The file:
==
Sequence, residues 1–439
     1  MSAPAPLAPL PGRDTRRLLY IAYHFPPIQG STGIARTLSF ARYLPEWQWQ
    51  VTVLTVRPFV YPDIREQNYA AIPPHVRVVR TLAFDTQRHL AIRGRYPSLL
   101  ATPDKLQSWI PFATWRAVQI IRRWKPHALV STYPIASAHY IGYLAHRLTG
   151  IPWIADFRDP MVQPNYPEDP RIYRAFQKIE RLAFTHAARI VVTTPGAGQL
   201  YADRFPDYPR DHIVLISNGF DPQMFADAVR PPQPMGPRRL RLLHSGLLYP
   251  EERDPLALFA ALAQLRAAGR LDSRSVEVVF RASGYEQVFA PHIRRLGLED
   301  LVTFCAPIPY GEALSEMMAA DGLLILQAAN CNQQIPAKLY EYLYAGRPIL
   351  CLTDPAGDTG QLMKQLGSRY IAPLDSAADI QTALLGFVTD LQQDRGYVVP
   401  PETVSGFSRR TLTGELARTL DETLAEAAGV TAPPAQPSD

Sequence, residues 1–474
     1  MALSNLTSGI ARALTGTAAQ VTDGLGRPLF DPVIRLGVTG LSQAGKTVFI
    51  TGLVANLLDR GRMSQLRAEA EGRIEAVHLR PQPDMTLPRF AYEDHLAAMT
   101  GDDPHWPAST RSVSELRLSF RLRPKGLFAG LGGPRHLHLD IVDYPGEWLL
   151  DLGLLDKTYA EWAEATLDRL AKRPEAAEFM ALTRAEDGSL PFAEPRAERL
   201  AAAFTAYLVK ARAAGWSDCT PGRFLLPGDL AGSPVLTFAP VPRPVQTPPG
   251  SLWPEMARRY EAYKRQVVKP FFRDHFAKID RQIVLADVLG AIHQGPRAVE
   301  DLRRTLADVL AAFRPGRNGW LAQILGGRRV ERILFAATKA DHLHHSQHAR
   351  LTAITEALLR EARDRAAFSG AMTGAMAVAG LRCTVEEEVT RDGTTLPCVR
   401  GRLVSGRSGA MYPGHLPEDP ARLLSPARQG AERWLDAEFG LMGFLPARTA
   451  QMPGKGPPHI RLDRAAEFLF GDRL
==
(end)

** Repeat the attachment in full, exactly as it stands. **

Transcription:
Sequence, residues 1–439
     1  MSAPAPLAPL PGRDTRRLLY IAYHFPPIQG STGIARTLSF ARYLPEWQWQ
    51  VTVLTVRPFV YPDIREQNYA AIPPHVRVVR TLAFDTQRHL AIRGRYPSLL
   101  ATPDKLQSWI PFATWRAVQI IRRWKPHALV STYPIASAHY IGYLAHRLTG
   151  IPWIADFRDP MVQPNYPEDP RIYRAFQKIE RLAFTHAARI VVTTPGAGQL
   201  YADRFPDYPR DHIVLISNGF DPQMFADAVR PPQPMGPRRL RLLHSGLLYP
   251  EERDPLALFA ALAQLRAAGR LDSRSVEVVF RASGYEQVFA PHIRRLGLED
   301  LVTFCAPIPY GEALSEMMAA DGLLILQAAN CNQQIPAKLY EYLYAGRPIL
   351  CLTDPAGDTG QLMKQLGSRY IAPLDSAADI QTALLGFVTD LQQDRGYVVP
   401  PETVSGFSRR TLTGELARTL DETLAEAAGV TAPPAQPSD

Sequence, residues 1–474
     1  MALSNLTSGI ARALTGTAAQ VTDGLGRPLF DPVIRLGVTG LSQAGKTVFI
    51  TGLVANLLDR GRMSQLRAEA EGRIEAVHLR PQPDMTLPRF AYEDHLAAMT
   101  GDDPHWPAST RSVSELRLSF RLRPKGLFAG LGGPRHLHLD IVDYPGEWLL
   151  DLGLLDKTYA EWAEATLDRL AKRPEAAEFM ALTRAEDGSL PFAEPRAERL
   201  AAAFTAYLVK ARAAGWSDCT PGRFLLPGDL AGSPVLTFAP VPRPVQTPPG
   251  SLWPEMARRY EAYKRQVVKP FFRDHFAKID RQIVLADVLG AIHQGPRAVE
   301  DLRRTLADVL AAFRPGRNGW LAQILGGRRV ERILFAATKA DHLHHSQHAR
   351  LTAITEALLR EARDRAAFSG AMTGAMAVAG LRCTVEEEVT RDGTTLPCVR
   401  GRLVSGRSGA MYPGHLPEDP ARLLSPARQG AERWLDAEFG LMGFLPARTA
   451  QMPGKGPPHI RLDRAAEFLF GDRL